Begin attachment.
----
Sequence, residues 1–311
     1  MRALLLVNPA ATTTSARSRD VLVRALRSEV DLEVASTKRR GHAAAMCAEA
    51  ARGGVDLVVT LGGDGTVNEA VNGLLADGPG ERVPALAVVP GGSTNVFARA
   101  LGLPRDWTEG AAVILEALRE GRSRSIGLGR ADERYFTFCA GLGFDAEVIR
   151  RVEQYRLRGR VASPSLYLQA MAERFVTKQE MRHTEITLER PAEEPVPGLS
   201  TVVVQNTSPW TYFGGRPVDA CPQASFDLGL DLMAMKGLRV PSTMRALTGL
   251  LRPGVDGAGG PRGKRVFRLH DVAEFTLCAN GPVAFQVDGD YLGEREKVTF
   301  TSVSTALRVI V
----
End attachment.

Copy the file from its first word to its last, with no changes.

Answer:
Sequence, residues 1–311
     1  MRALLLVNPA ATTTSARSRD VLVRALRSEV DLEVASTKRR GHAAAMCAEA
    51  ARGGVDLVVT LGGDGTVNEA VNGLLADGPG ERVPALAVVP GGSTNVFARA
   101  LGLPRDWTEG AAVILEALRE GRSRSIGLGR ADERYFTFCA GLGFDAEVIR
   151  RVEQYRLRGR VASPSLYLQA MAERFVTKQE MRHTEITLER PAEEPVPGLS
   201  TVVVQNTSPW TYFGGRPVDA CPQASFDLGL DLMAMKGLRV PSTMRALTGL
   251  LRPGVDGAGG PRGKRVFRLH DVAEFTLCAN GPVAFQVDGD YLGEREKVTF
   301  TSVSTALRVI V